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Want to transfer files from a Fedora Core 5 desktop (address 192.168.1.3 and the user-name: jb) to a Suse 10.2 laptop (192.168.1.4, jim). Connect with a crossover cable. Same broadcast: ...
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  1. #1
    Just Joined!
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    ssh doesn't connect - ping works


    Want to transfer files from a Fedora Core 5 desktop (address 192.168.1.3 and the user-name: jb) to a Suse 10.2 laptop (192.168.1.4, jim). Connect with a crossover cable. Same broadcast: 192.168.1.255.

    Ping works from the laptop but ssh cannot connect:
    # ping 192.168.1.3
    PING 192.168.1.3 (192.168.1.3) 56(84) bytes of data.
    64 bytes from 192.168.1.3: icmp_seq=1 ttl=64 time=0.163 ms
    64 bytes from 192.168.1.3: icmp_seq=2 ttl=64 time=0.180 ms
    64 bytes from 192.168.1.3: icmp_seq=3 ttl=64 time=0.179 ms
    --- 192.168.1.3 ping statistics ---
    3 packets transmitted, 3 received, 0% packet loss, time 2000ms
    rtt min/avg/max/mdev = 0.163/0.174/0.180/0.007 ms
    # ssh jb@192.168.1.3
    ssh: connect to host 192.168.1.3 port 22: No route to host
    # /sbin/route -n
    Kernel IP routing table
    Destination Gateway Genmask Flags Metric Ref Use Iface
    192.168.1.0 0.0.0.0 255.255.255.0 U 0 0 0 eth0
    127.0.0.0 0.0.0.0 255.0.0.0 U 0 0 0 lo

    From the desktop can also ping, but cannot connect, a different error message:
    #ssh: connect to host 192.168.1.4 port 22: Connection timed out
    # /sbin/route -n
    Kernel IP routing table
    Destination Gateway Genmask Flags Metric Ref Use Iface
    192.168.1.0 0.0.0.0 255.255.255.0 U 0 0 0 eth0
    169.254.0.0 0.0.0.0 255.255.0.0 U 0 0 0 eth0
    0.0.0.0 192.168.1.1 0.0.0.0 UG 0 0 0 eth0

    Question: if can ping between the 2 computers, what is the easiest way to transfer files?
    ^^^^^^^^^^^^^^^^^^^^^^^^^^^^
    Diagnostics, shows port 22 is open:

    On laptop:
    # nmap -T5 -sV localhost
    Starting Nmap 4.11 ( http://www.insecure.org/nmap/ ) at 2006-12-17 13:02 MST
    Interesting ports on localhost (127.0.0.1):
    Not shown: 1675 closed ports
    PORT STATE SERVICE VERSION
    22/tcp open ssh OpenSSH 4.4 (protocol 1.99)
    25/tcp open smtp Postfix smtpd
    111/tcp open rpc
    631/tcp open ipp CUPS 1.2
    6000/tcp open X11 (access denied)
    Service Info: Host: linux-arizona.site; OS: Unix
    Nmap finished: 1 IP address (1 host up) scanned in 6.270 seconds
    # ps aux | grep sshd
    root 3619 0.0 0.1 53460 1528 ? Ss Dec16 0:00 /usr/sbin/sshd -o PidFile=/var/run/sshd.init.pid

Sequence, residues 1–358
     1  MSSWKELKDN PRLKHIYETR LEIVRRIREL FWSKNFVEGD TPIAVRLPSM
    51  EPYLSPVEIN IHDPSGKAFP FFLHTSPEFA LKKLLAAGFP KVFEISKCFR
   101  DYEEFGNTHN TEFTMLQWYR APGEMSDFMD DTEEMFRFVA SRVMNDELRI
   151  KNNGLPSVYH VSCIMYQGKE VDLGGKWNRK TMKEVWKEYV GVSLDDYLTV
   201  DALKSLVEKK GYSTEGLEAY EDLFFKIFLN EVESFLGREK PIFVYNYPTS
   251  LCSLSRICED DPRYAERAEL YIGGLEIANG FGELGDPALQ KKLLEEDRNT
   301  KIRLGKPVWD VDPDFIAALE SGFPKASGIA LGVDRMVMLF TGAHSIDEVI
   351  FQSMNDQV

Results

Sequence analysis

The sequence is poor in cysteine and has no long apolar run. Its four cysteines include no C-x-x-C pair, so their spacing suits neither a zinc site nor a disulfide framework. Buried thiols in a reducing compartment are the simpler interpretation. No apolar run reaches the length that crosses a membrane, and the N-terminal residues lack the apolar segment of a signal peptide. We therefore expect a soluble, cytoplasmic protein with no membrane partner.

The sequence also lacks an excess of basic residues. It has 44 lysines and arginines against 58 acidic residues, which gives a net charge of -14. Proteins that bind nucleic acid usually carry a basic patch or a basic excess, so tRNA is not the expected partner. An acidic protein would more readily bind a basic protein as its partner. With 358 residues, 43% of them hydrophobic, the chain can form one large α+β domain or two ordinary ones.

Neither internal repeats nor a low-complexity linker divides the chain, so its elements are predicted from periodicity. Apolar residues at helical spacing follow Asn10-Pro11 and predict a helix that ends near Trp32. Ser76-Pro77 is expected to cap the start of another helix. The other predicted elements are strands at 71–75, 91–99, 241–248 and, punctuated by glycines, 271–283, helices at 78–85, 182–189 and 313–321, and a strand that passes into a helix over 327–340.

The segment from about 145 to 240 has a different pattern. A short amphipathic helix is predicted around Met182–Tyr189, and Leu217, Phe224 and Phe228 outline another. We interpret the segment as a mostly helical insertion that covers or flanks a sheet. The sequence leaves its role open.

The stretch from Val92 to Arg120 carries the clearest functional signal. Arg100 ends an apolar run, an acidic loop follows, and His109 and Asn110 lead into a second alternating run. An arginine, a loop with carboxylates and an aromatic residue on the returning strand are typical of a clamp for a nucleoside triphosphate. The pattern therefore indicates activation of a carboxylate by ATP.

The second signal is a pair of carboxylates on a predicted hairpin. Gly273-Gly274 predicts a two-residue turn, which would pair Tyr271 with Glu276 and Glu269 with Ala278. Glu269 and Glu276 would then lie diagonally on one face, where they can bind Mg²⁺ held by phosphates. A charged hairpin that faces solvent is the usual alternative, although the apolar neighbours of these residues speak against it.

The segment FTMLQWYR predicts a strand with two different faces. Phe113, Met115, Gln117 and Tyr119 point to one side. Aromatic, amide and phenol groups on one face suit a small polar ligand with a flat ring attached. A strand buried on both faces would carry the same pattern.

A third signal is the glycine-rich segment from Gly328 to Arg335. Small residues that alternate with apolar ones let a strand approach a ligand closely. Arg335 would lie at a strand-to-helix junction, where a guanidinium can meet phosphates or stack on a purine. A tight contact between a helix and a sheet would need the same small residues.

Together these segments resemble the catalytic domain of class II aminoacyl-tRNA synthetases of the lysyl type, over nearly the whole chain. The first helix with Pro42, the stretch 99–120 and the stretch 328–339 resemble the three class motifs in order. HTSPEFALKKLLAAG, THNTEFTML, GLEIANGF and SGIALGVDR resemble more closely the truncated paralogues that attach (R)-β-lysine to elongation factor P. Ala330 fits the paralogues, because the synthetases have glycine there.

root 9721 0.0 0.0 5008 796 pts/0 S+ 13:10 0:00 grep sshd

    On the desktop, nmap shows port 22 is also open:
    22/tcp open ssh OpenSSH 4.4 (protocol 2.0)
    # ps aux | grep sshd
    root 2255 0.0 0.1 4976 1108 ? Ss 02:04 0:00 /usr/sbin/sshd
    root 25016 0.0 0.0 3916 656 pts/0 R+ 13:11 0:00 grep sshd

  2. #2
    Linux Guru anomie's Avatar
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    Just to be sure I'm with you on this, you're running sshd daemons on both the laptop and desktop, and you also want both to work as clients? (You might settle for one server, one client.)

    First, from laptop to desktop problem:
    ssh: connect to host 192.168.1.3 port 22: No route to host
    From your routing table it looks like you need to add a default gateway. (Maybe you can use the same default gateway your desktop is using? I've never done with this a crossover cable.)

    Second, from desktop to laptop problem:
    #ssh: connect to host 192.168.1.4 port 22: Connection timed out
    Sounds like you might have forgotten to poke a hole in the laptop firewall for port 22?

    Some other tips:
    • The ps aux | grep sshd command you used is a good way to confirm the daemon is running.
    • Using netstat -atn | grep 22 you can determine whether sshd is listening on tcp port 22 for connections.
    • Running nmap against the loopback device (localhost) is virtually useless. It would be better to run it against the external interface - you can do that from one machine to the other to test if the port is really open to you.

  3. #3
    Just Joined!
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    Aug 2006
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    firewall was blocking

    Thanks anomie. One thing about that Suse firewall: it does indeed work ! Yast - security and users - and clicked to disable firewall.
    Using fish in the konqueror location bar also helps tremendously, allowing file transfers by dragging/ dropping icons, as if on one machine.
    fish://jim@192.168.1.4 and then it asks for password, connects.

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